dancers appear on the stage wearing plain-coloured garments, before unbuttoning them to reveal their second skin sequinned cloths. the production takes its inspiration from themes of ‘identity’ and ‘displacement’ and the ‘disconnection’ we experience in public spaces at moments of ‘transition’.



DB: your audiences have witnessed garments that transform before their eyes, and you’ve created fashion that integrates furniture, can you elaborate why, for example a coffee table transformed into a wooden skirt at your AW00 show?


HC: I entitled it ‘displacement’, maybe the idea reconnects to my own biography. in times of war my mother kept mainly old photographs and food. I looked into the project of how you could carry your possessions with you ‘quickly’…




DB: you spend a lot of time in fittings, as a compositional designer, industry-renowned for your masterful pattern cutting and draping, you are far more than just a showman.


HC: well, in order to create really ‘inspired’ clothes, I create stories. in my stories I am interested in transformation and technology mainly, and I like creating what I call ‘bionic dresses’. 
for the finale of ‘one hundred and eleven’ in 2007, I created 6 dresses that moved mechanically to actually mark ‘change’ symbolically. this ‘showmanship’ is underpinned by skilled craftsmanship and an ability to translate narrative.




DB: what influences you outside of fashion?


HC: I think it’s partly to do with my own innate curiosity and partly to do with the fact that I’m from a multiple cultural background. I’m interested in behavior, in how different people think depending on where they are from. creating a dialogue with people that are different to you. a multitude of cultures are coexisting, and that definitely opens my mind…
and I’ve directed films before and I’ve made exhibitions and installations for me it felt very natural to be working within these realms.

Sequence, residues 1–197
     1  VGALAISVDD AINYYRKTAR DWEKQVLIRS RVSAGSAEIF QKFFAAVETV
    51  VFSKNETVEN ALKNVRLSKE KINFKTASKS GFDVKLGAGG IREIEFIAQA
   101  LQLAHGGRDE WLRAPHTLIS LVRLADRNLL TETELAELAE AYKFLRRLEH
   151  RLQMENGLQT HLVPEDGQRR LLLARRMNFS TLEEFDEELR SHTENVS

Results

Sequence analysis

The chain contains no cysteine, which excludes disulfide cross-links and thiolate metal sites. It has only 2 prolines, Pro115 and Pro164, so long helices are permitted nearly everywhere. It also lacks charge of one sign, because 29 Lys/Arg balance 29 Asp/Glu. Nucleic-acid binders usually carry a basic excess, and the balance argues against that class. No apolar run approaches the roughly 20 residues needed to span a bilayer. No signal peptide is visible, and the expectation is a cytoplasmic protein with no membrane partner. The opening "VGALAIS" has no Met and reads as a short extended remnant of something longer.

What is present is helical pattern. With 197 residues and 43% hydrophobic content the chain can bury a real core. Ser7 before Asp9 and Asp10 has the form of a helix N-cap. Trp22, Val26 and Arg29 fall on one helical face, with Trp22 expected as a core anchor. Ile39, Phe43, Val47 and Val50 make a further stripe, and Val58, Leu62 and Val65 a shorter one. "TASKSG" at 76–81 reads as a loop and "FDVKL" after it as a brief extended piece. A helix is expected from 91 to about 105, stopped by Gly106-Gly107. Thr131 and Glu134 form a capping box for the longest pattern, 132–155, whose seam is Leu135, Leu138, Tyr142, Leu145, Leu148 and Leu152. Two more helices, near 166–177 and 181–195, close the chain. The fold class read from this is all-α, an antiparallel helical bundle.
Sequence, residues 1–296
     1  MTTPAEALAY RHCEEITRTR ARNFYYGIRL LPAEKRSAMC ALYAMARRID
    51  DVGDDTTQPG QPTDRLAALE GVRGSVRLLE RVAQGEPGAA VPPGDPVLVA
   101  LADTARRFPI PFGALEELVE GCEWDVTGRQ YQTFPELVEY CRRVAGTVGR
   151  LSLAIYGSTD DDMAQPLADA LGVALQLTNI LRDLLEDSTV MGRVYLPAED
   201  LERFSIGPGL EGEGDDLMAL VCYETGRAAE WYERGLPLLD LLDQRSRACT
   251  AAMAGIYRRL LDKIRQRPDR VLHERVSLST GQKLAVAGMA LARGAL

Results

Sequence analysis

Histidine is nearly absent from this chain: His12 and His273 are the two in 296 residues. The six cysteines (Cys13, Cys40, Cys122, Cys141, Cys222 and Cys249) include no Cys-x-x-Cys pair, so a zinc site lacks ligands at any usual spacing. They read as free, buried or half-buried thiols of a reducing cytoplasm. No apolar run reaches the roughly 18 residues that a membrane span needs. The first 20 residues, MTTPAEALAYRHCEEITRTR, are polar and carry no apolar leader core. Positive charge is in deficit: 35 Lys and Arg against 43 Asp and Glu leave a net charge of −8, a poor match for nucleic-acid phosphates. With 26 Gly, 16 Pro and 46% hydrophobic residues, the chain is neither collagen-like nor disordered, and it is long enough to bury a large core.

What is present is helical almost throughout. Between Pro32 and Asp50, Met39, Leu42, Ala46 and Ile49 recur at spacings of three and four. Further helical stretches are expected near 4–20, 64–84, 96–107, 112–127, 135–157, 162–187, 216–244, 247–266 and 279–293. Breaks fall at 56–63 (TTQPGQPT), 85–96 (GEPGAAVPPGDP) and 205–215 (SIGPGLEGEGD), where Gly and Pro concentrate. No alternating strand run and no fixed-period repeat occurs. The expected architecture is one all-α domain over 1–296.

DB: body language is important for you?


HC: everything around us is an amplification of the body. I think it’s magical how it can renew itself when you cut yourself, or give birth, and then you recover or heal.




DB: being in the spotlight for so long has caused people to start labeling you in a certain way. is this categorization important for you, professionally?


HC: no not really. for me, the ideas are the most important part — they are what define my work. fashion for example is a wearable idea. so on one side I can design something for a museum collection, and on the other I can create a piece to be sold in stores. these two facets were always connected for me, I never set them apart. I find it to be a natural process. but yes, people do want to categorize me: is he a designer or an artist?  if you mix both — your value will be questioned. people don’t really understand this concept. but in the end, it is the idea that is important — not the person and whether they are a designer or not. I’ve been in this field for 21 years and design is the only reason I am able to go on ‘sustainably’. the artistic side is more like a support, it influences my designer’s side.

table skirt for the fall/winter 2000 collection of hussein chalayan
image courtesy of hussein chalayan



DB: and how does your approach manifest itself during the creation of a fashion collection?